Extremaduran is a Romance language spoken in western Spanish, mainly in the autonomous community of Extremadura, and in neighboring parts of Salamanca, Toledo, Ciudad Real, Córdoba and Huelva. It is also spoken in Barrancos in Portugal.
There are two varieties of Extremaduran: a Western one, and an Eastern one, which is more influenced by Spanish.
Estimates on the number of Extremaduran speakers vary widely, from 200,000 to 1.1 million people. The language is spoken mainly by the oldest generation. Younger people understand it but do not necessarily speak it.
Extremaduran was first written in 16th century by the poet Diego Sánchez de Badajoz, whose play Farsas was written in the Sayagués dialect which included Extremaduran vocabulary. In the late 19th José María Gabriel y Galán wrote some of his poems in Extremaduran and started the cultured literary use of the language.
This orthography was created by Ismael Carmona García, one of the best-known Extremaduran linguists. It was approved by the Linguistic Committee of the OSCEC (Órganu de Seguimientu i Cordinación del Estremeñu i la su Coltura), a cultural association which promotes the Extremaduran language.
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Tolos ombris nacin libris i igualis en diniá i derechus. Comu gastan dela razón i del conocimientu, devin de portal-si comu ermanus unus con otrus.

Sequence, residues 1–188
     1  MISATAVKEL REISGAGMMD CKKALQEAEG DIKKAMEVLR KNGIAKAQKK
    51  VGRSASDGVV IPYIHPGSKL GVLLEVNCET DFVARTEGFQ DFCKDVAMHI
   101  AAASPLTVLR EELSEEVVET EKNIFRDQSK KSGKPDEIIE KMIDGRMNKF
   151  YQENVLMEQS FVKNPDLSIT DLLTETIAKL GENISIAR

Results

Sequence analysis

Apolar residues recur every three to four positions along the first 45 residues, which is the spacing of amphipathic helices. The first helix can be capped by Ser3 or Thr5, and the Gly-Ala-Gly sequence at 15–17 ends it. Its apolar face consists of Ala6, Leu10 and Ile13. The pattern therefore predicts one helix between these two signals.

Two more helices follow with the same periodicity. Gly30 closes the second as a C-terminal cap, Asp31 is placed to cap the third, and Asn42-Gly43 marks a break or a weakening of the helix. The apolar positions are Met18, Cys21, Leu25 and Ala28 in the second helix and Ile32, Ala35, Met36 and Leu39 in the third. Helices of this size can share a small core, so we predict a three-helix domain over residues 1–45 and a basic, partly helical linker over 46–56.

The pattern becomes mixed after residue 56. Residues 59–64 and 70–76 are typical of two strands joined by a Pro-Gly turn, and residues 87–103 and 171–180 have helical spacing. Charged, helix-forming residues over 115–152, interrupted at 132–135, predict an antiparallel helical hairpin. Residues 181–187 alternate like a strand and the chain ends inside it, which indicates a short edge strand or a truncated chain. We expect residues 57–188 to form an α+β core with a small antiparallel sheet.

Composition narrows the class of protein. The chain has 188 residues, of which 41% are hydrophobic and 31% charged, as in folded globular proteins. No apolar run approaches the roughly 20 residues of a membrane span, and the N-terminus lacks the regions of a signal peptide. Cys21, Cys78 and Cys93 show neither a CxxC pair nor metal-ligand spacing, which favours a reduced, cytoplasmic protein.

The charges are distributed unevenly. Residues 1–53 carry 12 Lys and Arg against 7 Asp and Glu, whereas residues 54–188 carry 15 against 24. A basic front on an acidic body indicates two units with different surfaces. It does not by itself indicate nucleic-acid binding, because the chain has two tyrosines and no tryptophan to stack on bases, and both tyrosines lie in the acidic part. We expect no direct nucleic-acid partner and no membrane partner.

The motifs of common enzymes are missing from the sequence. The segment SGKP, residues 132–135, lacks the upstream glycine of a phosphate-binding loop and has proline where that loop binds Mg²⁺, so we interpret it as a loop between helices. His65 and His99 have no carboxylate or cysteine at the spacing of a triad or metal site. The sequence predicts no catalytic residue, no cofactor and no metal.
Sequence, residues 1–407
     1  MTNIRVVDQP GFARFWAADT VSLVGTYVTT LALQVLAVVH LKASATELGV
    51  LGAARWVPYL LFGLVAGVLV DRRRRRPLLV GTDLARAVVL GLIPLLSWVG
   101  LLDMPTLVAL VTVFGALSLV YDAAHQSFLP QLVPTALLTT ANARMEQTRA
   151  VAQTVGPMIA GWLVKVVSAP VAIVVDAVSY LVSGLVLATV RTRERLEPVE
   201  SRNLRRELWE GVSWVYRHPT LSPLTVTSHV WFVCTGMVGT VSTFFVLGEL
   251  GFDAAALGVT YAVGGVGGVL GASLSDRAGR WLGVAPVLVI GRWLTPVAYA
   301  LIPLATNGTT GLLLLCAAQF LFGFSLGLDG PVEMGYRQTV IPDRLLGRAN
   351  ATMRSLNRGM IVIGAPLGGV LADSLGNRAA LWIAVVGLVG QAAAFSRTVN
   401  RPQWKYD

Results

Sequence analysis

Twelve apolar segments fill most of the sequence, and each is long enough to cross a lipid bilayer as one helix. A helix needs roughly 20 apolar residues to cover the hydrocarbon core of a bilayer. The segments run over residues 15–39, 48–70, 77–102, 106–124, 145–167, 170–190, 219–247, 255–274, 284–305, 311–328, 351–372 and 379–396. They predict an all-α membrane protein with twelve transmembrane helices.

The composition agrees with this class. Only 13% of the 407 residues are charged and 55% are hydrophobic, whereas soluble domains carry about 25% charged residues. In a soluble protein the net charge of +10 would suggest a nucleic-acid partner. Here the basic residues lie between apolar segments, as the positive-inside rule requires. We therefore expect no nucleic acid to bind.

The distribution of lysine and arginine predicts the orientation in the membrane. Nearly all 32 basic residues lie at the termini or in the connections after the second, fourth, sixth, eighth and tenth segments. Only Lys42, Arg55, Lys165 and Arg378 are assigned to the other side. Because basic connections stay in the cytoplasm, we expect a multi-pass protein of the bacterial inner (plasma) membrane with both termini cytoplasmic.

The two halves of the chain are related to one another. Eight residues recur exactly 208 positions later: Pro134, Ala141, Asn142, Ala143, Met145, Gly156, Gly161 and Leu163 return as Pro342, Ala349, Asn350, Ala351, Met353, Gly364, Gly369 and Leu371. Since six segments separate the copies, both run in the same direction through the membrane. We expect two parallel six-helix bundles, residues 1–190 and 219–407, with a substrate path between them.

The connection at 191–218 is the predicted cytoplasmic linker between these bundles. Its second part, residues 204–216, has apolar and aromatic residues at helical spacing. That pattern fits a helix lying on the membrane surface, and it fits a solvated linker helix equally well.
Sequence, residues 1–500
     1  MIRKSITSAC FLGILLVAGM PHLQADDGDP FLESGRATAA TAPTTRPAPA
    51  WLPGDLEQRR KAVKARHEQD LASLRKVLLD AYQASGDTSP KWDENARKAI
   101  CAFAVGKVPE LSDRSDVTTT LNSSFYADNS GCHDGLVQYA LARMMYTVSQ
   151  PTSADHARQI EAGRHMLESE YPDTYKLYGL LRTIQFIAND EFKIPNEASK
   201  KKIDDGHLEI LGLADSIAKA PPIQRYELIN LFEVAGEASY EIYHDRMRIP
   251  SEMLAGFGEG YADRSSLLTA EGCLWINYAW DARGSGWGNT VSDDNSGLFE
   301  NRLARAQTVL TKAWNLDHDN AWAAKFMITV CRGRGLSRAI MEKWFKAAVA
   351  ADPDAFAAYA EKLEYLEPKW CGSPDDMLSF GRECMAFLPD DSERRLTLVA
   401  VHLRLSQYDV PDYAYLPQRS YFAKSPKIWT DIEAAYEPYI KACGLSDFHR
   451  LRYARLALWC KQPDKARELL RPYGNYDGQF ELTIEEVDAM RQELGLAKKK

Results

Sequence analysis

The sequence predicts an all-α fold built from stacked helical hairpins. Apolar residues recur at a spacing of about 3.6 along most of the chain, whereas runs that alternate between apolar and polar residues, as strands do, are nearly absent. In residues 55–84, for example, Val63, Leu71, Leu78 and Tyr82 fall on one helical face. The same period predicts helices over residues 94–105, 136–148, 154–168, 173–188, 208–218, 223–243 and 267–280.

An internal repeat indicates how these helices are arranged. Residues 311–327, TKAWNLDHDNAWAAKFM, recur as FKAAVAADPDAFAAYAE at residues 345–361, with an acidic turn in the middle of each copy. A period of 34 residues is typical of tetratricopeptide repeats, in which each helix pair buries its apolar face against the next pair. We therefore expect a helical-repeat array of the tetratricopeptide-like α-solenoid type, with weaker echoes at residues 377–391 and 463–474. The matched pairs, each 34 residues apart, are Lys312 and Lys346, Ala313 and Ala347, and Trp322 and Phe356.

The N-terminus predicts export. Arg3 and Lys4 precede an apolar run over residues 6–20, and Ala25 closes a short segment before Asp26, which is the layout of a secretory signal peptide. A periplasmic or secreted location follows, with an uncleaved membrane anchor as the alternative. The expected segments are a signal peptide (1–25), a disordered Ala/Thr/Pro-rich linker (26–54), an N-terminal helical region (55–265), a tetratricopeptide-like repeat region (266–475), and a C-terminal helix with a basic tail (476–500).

All human beings are born free and equal in dignity and rights. They
are endowed with reason and conscience and should act towards one another
in a spirit of brotherhood.
(Article 1 of the Universal Declaration of Human Rights)
Information provided mainly by Ismael Carmona García
Information about Extremaduran
Aragonese, Aranese, Aromanian, Asturian, Catalan, Corsican, Dalmatian, Emilian-Romagnol, Extremaduran, Fala, Faliscan, Franco-Provençal, French, Friulian, Galician, Gallo, Genoese, Guernésiais, Istriot, Italian, Jèrriais, Ladino, Ladin, Latin, Ligurian, Lombard, Megleno-Romanian, Mirandese, Moldovan, Monégasque, Occitan, Oscan, Picard, Piedmontese, Portuguese, Romanian, Romansh, Sardinian, Sicilian, Spanish, Umbrian, Venetian, Walloon